GENERAL COMMENTARY: The August asset allocation projection carries a Large-Capitalization preference, and favors Value.  MPT bottom-up model performance, relative to the S&P 500, was poor over the July period.  However for 2018 to-date, all but 1, screen beat the S&P performance.  The aggregate top-down model remains Bearish "-2" this week.  The Technical model remains Bearish at "-3".  We are on a Technical Correction Alert of -5 to -7%.  The trend of the Top-down Earnings Model (+6.01) continues to improve, and remains Neutral in Trend at the moment.  In a positive vein, GDPNOW Q3, 2018 estimate is 4.3%, and the first Commerce Department Q2 estimate came in at a strong 4.1% last week.  Yields were lower, with spreads falling to 26 bp (2 to 10 year).  Odds remain high, that the prior lower bound of the spread (35bps) is now strong resistance.  We anticipate higher rates ahead for 2018.  While some P/E compression has taken place in 2018, high valuations continue present for equities.  See the weekly Insider Commentaries, and the monthly Strategist, (Green Book) for further details and interpretation.  The Dollar (96.22) was again higher.   Gold continues to stabilize around 1220. It is very oversold. The coming week should bring a rebound in prices.  It is a long-term buy, but our year-end target remains reduced to $1410 (down from 1550.)  Inflationary Forces Continue to Gain Strength, with CPI at 2.95%, and PPI at 3.3%.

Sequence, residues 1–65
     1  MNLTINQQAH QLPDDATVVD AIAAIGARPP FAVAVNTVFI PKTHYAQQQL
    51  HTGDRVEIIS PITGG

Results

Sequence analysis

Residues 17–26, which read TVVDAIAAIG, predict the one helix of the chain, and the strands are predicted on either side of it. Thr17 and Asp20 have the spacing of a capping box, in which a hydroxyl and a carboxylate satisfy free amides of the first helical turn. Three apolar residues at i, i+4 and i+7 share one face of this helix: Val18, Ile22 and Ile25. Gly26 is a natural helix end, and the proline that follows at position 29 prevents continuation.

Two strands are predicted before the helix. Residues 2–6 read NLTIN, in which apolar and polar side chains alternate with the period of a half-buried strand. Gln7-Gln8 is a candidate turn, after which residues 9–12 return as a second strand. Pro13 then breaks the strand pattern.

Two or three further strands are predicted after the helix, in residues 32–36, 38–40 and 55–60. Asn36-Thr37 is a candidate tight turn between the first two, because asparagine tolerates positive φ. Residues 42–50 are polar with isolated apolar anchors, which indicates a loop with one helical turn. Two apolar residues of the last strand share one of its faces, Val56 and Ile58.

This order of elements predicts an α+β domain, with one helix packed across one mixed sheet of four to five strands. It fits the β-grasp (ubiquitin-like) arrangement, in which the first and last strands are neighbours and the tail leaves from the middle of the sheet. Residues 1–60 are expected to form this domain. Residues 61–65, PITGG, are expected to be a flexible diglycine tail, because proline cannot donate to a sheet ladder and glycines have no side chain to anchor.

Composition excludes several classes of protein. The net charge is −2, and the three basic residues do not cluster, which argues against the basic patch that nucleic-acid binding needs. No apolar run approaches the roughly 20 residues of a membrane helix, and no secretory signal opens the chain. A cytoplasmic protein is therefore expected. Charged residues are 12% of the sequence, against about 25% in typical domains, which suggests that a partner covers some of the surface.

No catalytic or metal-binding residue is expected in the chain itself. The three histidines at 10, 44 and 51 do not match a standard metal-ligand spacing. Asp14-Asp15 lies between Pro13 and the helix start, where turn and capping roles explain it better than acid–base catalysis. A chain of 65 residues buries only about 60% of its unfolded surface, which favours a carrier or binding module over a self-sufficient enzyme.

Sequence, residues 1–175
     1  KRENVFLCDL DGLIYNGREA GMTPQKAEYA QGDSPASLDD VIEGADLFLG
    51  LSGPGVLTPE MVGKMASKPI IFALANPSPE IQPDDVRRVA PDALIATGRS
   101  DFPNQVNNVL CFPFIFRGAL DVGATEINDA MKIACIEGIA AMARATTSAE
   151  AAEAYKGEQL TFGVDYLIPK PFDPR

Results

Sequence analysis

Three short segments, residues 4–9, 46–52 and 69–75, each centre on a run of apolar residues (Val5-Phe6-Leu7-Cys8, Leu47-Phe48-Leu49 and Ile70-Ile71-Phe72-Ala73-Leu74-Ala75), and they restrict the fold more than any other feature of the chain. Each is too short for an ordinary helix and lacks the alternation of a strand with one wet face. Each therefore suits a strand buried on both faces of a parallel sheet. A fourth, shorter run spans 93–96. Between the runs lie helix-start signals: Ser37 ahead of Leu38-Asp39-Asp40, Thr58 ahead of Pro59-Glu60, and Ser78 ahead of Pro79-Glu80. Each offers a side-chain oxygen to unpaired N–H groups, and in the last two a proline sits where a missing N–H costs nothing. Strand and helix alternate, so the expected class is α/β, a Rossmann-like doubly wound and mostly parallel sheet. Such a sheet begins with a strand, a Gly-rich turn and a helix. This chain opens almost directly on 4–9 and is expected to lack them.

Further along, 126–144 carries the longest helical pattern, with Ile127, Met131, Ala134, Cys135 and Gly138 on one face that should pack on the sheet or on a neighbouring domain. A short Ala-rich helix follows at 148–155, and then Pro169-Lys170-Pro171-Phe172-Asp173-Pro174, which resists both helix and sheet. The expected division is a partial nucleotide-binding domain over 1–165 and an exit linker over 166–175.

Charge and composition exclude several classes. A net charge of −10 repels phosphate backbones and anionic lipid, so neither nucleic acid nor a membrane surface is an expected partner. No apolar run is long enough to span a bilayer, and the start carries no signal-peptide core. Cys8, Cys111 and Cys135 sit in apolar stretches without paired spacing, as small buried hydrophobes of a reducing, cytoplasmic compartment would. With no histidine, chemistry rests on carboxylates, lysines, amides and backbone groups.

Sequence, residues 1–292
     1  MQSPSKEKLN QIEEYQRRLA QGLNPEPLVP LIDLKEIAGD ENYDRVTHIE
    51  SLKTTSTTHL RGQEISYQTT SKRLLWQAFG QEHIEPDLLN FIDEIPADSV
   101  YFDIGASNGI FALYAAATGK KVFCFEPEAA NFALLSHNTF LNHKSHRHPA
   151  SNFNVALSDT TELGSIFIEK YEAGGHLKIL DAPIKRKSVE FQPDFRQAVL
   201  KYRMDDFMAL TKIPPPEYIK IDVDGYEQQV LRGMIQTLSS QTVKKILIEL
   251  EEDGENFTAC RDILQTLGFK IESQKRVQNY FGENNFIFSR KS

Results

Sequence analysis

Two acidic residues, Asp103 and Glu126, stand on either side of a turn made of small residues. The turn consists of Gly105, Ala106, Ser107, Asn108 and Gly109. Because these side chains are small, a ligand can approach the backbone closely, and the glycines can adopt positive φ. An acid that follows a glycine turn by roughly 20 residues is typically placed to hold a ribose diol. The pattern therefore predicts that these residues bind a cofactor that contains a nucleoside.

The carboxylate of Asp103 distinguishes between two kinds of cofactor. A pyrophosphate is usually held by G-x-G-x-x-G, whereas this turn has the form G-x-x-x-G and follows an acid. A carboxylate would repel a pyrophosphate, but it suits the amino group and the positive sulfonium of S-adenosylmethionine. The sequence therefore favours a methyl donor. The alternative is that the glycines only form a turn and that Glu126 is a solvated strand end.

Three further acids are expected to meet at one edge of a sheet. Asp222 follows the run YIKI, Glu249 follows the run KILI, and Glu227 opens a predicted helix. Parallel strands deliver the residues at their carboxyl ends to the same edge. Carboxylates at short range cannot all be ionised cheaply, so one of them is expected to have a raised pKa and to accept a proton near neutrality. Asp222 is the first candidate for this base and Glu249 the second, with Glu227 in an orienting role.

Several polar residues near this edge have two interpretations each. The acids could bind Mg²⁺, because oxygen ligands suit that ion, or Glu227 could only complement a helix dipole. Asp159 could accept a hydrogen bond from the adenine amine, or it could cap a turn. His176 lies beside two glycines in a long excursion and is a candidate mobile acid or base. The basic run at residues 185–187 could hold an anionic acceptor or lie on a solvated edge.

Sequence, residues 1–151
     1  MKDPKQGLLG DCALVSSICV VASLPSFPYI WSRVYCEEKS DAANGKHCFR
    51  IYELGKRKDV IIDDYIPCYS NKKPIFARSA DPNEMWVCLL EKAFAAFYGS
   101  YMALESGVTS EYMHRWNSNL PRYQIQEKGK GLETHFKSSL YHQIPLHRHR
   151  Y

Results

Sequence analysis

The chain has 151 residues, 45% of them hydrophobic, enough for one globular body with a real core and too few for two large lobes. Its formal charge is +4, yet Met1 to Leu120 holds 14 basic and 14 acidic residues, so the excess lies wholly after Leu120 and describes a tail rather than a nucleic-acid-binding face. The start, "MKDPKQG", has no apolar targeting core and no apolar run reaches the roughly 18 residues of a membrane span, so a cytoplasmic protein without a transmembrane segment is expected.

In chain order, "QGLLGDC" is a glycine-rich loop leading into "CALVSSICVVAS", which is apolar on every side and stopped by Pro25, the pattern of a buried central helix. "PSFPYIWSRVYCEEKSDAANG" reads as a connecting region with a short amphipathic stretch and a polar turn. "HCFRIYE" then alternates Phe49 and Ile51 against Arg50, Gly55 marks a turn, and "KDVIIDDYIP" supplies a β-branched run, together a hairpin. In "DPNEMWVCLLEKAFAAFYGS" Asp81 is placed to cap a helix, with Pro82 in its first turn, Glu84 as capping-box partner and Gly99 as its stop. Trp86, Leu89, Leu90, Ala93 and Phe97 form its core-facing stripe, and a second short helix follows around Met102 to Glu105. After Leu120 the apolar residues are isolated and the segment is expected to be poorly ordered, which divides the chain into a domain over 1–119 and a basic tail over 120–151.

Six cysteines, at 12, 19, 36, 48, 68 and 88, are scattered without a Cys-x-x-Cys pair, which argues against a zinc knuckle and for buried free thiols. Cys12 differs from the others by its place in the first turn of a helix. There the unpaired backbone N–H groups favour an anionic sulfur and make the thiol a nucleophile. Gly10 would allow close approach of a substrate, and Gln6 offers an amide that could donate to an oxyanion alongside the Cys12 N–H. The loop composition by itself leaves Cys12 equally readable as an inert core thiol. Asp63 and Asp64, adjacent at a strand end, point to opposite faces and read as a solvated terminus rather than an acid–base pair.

The Market Cycle, in terms of MPT's "Market Clock," remains at 11:00.

Top-Down Look Back: Equity selection for '18 has this far been very good, with all but 2 MPT Model Screens outperforming the S&P 500.  A longer, 78 month, look-back confirms bottom-up performance, with all but 1 of the 8 screens outperforming the S&P 500 over that period.

In The News




"It is possible to develop and employ quantitative equity models which possess the ability to produce superior rates of return. We build confidence in our Models through a process of continual backtesting and refinements."

While performance is the end we seek, it does not stop us from asking "why" a particular approach works. It is by asking this question that we develop a deeper understanding of how markets work, leading to more discriminating models and better performance.